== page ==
Liquids in Carry-on Plan Change in Europe Under Scrutiny
The rule that air passengers can't bring full-size liquid containers in carry-on bags started with a failed terrorist plot by three British citizens in 2006 -- they planned to bomb trans-Atlantic flights using explosives hidden in soft drink bottles. The U.S. and European Union reacted by restricting the amount of liquids passengers can bring to 3 ounces.
After April 29th, passengers in Europe will be allowed to bring liquids such as wine, liquor or perfume purchased in a duty-free shop on their connecting flights through Europe.
Almost two dozen European airports will be participating in the new rules. Passengers must place their liquids in security tamper evident bags and be willing to have their liquids scrutinized by security personnel.
New machines will be used that can scan a liquid to see if it has the proper density and properties.
But is the change safe and ready?
Christopher Bidwell, Airports Council International-North America's vice president for security and facilitation, has voiced concern that the effectiveness of the technologies European airports will use to screen liquids for explosives is unclear, reports the Associated Press.
There are several new technologies that European airports plan to use, Bidwell says, but they've only undergone laboratory tests, and haven't been tested at airports.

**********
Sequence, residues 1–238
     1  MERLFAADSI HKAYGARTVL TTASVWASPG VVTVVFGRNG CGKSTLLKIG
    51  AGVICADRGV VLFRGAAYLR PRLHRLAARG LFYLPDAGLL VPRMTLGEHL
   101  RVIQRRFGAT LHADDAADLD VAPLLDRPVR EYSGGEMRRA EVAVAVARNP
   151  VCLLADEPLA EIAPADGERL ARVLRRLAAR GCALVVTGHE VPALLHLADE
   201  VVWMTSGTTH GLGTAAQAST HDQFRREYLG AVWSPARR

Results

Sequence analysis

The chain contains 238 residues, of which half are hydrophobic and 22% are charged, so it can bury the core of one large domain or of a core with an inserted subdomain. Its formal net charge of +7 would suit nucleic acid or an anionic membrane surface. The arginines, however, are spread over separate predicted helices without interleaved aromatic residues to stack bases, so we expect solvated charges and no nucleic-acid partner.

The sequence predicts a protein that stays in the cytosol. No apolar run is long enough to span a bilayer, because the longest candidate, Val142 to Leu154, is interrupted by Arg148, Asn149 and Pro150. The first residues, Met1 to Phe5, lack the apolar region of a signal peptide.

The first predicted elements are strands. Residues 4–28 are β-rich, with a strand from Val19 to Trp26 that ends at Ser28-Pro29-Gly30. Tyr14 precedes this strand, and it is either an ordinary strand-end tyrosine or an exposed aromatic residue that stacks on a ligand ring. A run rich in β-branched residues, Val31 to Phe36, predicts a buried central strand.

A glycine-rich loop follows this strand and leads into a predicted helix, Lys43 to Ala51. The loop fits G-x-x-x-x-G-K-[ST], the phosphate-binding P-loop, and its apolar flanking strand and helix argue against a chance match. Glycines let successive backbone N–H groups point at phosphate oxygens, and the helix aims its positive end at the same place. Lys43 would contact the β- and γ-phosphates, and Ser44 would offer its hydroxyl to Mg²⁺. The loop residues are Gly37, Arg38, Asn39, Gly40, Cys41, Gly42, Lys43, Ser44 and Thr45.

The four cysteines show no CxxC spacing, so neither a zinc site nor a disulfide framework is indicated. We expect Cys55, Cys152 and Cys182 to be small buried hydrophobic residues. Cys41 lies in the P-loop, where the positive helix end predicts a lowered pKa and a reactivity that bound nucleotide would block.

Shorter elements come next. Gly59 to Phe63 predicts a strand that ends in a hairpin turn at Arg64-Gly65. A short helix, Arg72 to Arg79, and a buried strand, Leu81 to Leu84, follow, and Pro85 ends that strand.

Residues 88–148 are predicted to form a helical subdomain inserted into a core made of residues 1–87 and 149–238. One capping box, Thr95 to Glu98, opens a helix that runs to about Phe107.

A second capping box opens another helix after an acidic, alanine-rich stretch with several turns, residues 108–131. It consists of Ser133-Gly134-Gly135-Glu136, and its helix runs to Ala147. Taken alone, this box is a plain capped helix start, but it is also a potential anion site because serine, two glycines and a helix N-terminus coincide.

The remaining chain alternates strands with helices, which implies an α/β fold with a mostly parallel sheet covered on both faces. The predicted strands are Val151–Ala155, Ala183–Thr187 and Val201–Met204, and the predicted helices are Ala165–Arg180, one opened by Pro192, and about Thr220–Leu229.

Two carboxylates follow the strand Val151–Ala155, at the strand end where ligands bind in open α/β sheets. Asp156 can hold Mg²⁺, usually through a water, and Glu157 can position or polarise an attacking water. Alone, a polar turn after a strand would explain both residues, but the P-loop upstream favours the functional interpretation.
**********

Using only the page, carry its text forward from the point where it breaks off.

There's also the issue that the U.S. hasn't indicated any plans to change its liquids policy.
Without consistant policies, European airlines flying into the U.S. could be in for an operational mess, Ulrich Schulte-Strathaus, secretary general of the Association of European Airlines (AEA), says in a letter to the European Commission, reports Aviation Week.
"We believe that the commission should undertake all necessary steps to align the EU policy with that of the United States on [liquids]," he writes.
The TSA hasn't said yet whether passengers coming from Europe with approved liquids after April 29 will be allowed to board domestic flights within the U.S.
The agency has looked at technology that could eventually allow all passengers to bring liquids back on planes, but that's a few years down the road.